Setting the craft scene ablaze - pyrography is a trend that is slowly rising in popularity. It takes ordinary materials and turns them into something extraordinary.
If you've never heard of pyrography before, it's an art form that dates back as far as the 17th century. It involves precision-burning freehand drawings, designs and decorations onto a wooden surface using a heated point. Your creative piece is therefore born out of the dark burn marks created. With a little flair and practise, you can master shadows and shading to create stunning images on your timber of choice.
But the most burning question to start with is - which wood do you choose?
Making sure you purchase the right wood for your latest pyro-art project is absolutely pivotal. Successfully finished results will be determined by your timber choice. In this blog, we selected our 4 favourite wood species. They are easy to work on and will showcase your masterpiece in the best possible light.
A more expensive choice for pyrography, but probably the best wood to work with. Maple has a light to medium colour and a very subtle grain. This will help accentuate all the intricate details of your drawing you've spent hours perfecting.
Working with maple requires a high quality heating tool. Or one that can reach high temperatures due to the sheer hardness of this timber.
It's like maple - only cheaper! Poplar is a popular choice for everyday pyrography projects. You'll benefit from the light colour tone and unobtrusive grain pattern which is ideal for working on and the burn patterns you create will show up wonderfully.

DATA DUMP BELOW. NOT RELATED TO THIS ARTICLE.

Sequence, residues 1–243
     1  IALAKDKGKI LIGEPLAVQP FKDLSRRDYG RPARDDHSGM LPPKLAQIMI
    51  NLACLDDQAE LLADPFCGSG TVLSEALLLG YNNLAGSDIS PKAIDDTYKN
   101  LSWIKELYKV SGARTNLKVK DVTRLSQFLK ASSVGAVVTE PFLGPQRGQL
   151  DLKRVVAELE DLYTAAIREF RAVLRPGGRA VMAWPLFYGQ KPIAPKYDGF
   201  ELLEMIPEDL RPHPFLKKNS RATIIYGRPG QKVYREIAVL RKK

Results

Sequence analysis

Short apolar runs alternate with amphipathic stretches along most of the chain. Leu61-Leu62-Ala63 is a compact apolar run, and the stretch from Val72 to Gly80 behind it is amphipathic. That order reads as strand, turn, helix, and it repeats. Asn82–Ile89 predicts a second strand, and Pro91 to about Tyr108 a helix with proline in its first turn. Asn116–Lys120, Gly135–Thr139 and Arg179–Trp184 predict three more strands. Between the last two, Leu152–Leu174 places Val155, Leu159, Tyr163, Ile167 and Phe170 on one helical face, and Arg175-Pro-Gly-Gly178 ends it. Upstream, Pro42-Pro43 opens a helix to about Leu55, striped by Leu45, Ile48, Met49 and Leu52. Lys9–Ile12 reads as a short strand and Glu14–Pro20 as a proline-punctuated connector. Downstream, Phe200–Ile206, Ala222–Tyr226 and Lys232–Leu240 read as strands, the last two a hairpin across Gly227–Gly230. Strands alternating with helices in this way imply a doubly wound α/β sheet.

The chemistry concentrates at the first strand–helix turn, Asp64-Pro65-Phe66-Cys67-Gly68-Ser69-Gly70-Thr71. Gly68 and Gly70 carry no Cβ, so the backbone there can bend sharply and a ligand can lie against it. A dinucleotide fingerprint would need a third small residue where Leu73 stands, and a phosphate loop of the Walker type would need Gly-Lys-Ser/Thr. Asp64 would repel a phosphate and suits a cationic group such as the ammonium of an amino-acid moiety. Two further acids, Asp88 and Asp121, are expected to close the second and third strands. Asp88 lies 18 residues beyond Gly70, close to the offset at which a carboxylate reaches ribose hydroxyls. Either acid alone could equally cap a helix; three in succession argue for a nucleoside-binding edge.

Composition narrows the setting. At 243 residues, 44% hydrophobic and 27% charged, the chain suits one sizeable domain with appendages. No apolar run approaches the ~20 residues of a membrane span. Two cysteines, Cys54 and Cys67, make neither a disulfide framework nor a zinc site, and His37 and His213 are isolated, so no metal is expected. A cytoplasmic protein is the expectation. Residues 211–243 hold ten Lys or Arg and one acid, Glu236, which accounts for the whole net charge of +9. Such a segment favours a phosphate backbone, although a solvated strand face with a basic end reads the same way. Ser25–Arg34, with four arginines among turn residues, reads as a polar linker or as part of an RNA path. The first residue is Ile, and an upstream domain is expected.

The only downside to poplar is the occasional risk of sap and resin spots or colour streaking, but this should only be considered a minor concern when buying.
Cherry exhibits a beautiful colour and imparts a medium to dark appearance. Due to its non-uniform colour, it may not be suitable for lighter or intricate wood-burning designs. However, its smooth wood grain ensures a consistent burn, making it a favoured choice among wood-burning artists. Cherry remains popular for various projects as it turns well and offers a glossy finish when polished and treated. It also smells amazing when it's burning!
If you're looking for an even more economical option, beech is a good alternative to maple and potentially poplar as well. It comes with a desirable pale colour, but the 'dash' grain pattern may cause aesthetic issues and sap seepage could occur when heated.
What Wood Types Should I Avoid?
Stay away from any dark, grainy or resinous woods, as well as timber that has an uneven or rough surface - all of these qualities will prove to be difficult or even impossible to work on.
Also stay away from any woods that have been treated with a finish or have any sort of synthetic materials in their composition (e.g. MDF) because, when heated, they could emit toxic chemicals which could be harmful if inhaled. For this reason, we'd advise that you also stay away from reclaimed wood such as pallets.